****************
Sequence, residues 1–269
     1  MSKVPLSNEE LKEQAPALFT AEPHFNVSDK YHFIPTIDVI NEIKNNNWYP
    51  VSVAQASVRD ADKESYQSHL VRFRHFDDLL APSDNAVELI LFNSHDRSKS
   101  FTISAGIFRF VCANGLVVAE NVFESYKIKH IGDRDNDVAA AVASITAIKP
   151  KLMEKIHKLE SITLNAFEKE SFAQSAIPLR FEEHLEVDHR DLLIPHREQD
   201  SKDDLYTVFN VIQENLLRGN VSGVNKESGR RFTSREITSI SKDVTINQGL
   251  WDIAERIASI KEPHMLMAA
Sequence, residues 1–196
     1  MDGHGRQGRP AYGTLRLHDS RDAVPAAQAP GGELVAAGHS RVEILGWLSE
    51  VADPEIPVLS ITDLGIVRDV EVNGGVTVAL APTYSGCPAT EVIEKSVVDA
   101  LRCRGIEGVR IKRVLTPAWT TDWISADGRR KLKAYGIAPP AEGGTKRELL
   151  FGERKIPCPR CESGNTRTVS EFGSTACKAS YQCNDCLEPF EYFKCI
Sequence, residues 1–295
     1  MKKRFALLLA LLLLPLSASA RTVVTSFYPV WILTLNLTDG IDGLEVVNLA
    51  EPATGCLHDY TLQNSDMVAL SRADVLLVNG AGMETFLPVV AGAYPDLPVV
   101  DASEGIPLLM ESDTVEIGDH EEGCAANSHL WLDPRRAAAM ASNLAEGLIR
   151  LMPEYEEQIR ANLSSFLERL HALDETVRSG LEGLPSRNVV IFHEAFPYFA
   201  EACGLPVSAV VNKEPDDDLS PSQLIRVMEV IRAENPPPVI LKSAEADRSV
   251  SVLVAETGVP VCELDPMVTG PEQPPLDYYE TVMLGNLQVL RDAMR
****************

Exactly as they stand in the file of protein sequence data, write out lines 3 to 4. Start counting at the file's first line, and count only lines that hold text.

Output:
    51  VSVAQASVRD ADKESYQSHL VRFRHFDDLL APSDNAVELI LFNSHDRSKS
   101  FTISAGIFRF VCANGLVVAE NVFESYKIKH IGDRDNDVAA AVASITAIKP